Finally we have the first analysis of stardust retrieved from the Ryugu asteroid

21/12/2021
Credit: Yada et. al., Nat. Astron., 2021
Credit: Yada et. al., Nat. Astron., 2021

News! The first analysis of the star dust on the asteroid Ryugu has arrived! Scientists have recently announced the contents of this dust, which has been on Earth for more than a year. Hayabusa2 is the probe that delivered this dust from a space rock, and a year after Hayabusa2 collected it, scientists released the first analyzes and data on this dust. First of all, scientists have concluded that this asteroid is a very dark, porous asteroid, and in addition it is one of the most primitive asteroids we have ever dealt with in the Solar System. 

These statements came from two papers published by scientists who worked on these analyzes. The data that scientists have shown shows that since this asteroid is (4.5 billion years ago), it has not changed much. "The evidence returned by Hayabusa2 ... seems to be one of the most important materials available in our laboratories," the scientists said. They continued with "Evidence is a unique valuable collection that can help review the paradigms of the origin and evolution of the Solar System." 

These detailed analyzes by scientists are very important to understand how celestial bodies formed in the Solar System, and then to know exactly how the Earth formed. The dust they study contains "an immense history" of this asteroid. Under the scientific name, 1999 JU3, Ryugu is only the second asetroid from which a sample was taken and brought to Earth. But the first one was partially failed, it was Itokawa, and the sample was more of a failure in 2010 when it was brought, it was very small. So this market on Ryugu is the only one that has reached approx. perfect on Earth. It is known for the first time that the spacecraft that collected this dust from the asteroid returned 5.4 grams of it to Earth. And now, Hayabusa2 is not bored, but begins his next missions to other asteroids.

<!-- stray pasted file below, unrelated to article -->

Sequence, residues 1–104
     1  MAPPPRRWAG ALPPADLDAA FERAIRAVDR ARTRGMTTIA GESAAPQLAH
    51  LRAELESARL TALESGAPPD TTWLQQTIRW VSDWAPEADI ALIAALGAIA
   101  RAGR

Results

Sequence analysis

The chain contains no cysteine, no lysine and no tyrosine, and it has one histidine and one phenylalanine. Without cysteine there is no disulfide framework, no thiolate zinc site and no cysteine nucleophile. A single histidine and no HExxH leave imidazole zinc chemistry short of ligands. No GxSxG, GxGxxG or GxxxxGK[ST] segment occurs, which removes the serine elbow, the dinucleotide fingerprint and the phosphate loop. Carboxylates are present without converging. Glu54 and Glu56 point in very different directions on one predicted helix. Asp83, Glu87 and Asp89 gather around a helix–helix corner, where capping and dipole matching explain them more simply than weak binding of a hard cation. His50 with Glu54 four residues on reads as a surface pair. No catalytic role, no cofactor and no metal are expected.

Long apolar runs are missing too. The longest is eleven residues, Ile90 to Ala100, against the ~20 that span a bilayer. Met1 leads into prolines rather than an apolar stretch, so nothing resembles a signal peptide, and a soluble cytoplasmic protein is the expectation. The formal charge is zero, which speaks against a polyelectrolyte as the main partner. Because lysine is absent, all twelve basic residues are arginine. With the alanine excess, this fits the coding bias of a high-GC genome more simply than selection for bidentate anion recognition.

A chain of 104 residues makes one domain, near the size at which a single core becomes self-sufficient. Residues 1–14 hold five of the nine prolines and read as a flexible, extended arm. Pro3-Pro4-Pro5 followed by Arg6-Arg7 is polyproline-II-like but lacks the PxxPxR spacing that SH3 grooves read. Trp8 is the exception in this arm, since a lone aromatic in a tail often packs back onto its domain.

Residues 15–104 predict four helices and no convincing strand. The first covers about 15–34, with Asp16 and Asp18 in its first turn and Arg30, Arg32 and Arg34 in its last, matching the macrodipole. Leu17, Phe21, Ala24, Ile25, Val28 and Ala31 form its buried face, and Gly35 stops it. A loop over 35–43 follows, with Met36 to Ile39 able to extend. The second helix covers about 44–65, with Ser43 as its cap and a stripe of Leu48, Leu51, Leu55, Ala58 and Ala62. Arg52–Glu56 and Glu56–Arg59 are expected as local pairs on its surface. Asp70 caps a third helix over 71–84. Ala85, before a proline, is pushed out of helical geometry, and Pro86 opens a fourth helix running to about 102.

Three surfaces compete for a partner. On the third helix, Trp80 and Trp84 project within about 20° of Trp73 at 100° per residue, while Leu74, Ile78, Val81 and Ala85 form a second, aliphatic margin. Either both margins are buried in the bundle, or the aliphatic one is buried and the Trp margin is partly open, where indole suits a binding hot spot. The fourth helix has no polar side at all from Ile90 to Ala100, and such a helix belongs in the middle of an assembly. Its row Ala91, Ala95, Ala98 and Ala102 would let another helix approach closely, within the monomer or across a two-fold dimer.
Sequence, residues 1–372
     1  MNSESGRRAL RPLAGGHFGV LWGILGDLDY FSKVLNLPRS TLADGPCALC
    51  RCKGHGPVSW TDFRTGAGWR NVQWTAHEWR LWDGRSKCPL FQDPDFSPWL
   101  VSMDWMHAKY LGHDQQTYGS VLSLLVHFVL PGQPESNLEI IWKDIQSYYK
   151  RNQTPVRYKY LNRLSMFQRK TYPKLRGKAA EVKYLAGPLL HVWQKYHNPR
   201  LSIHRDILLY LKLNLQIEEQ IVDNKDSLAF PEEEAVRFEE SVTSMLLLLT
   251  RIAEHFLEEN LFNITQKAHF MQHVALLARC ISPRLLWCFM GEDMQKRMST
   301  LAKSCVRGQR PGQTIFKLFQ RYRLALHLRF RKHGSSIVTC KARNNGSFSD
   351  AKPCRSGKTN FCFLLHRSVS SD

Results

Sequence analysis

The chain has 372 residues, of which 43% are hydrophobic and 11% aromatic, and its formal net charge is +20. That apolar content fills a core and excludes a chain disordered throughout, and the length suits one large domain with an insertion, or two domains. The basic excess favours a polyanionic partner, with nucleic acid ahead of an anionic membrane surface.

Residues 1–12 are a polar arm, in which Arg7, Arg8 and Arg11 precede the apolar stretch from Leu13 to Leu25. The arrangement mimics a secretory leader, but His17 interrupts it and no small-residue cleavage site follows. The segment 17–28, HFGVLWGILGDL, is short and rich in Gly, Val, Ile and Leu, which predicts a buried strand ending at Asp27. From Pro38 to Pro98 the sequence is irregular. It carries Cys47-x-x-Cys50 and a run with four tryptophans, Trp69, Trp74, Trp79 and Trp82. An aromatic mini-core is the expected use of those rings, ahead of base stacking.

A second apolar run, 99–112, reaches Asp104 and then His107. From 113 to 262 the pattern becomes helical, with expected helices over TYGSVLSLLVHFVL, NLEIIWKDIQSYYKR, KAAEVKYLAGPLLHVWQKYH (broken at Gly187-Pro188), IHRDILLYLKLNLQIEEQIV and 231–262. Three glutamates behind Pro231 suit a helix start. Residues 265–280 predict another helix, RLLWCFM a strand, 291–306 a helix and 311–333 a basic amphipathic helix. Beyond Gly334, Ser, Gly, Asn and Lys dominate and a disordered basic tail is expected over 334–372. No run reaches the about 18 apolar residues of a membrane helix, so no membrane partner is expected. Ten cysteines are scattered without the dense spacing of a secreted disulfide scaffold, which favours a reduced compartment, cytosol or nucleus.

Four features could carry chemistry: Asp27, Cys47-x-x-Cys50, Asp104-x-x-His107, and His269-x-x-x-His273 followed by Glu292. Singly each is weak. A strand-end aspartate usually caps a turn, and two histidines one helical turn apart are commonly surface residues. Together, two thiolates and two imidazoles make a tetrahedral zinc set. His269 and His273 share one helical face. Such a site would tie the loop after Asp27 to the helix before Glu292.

Questions and answers: 

Why the asteroid and how is it so dark? 

It is dark because the white level, which is a measure of the amount of solar radiation reflected on a body, is very low. Rygu is only 0.02 white. And it's a C-type asteroid, which means it should be between 0.03 and 0.09 white, and it's below that. Think how dark it is if the asphalt is 0.04 white. To know how much it reflects from the solar radiation, this albeo multiplies by 100%, so it will give us that Rygu reflects only 2% of the solar radiation falls on it.

What is the porosity of the asteroid? 

According to the two published papers, the porosity is 46% (very high for such an asteroid). 

What makes the asteroid so black? 

According to two papers published under the guidance of astronomer Cédric Pilorget of the University of Paris-Saclay in France, he writes that the asteroid is so dark because it is made of extremely dark matter. They most likely consist of some minerals, very dark rocks or even phyllosilicates.


"Our data support and extend remote-sensing observations that suggested that Ryugu is dominated by hydrous carbonaceous chondrite-like materials, similar to CI chondrites, but with a darker, more porous and more fragile nature. This inference should be further corroborated by in-depth investigations hereafter by state-of-the-art analytical methods with higher resolution and precision." - Yada's team  (in their papper).

If you want, you can go and see the pappers here : -  https://www.nature.com/articles/s41550-021-01550-6

                                                                                     -   https://www.nature.com/articles/s41550-021-01549-z


We wish success to all those who work for the discovery and analysis of this asteroid dust, to discover as many things as possible. 

Article by: Andacs Robert Eugen, on 21 December 2021, at 12:05 pm Los Angeles time

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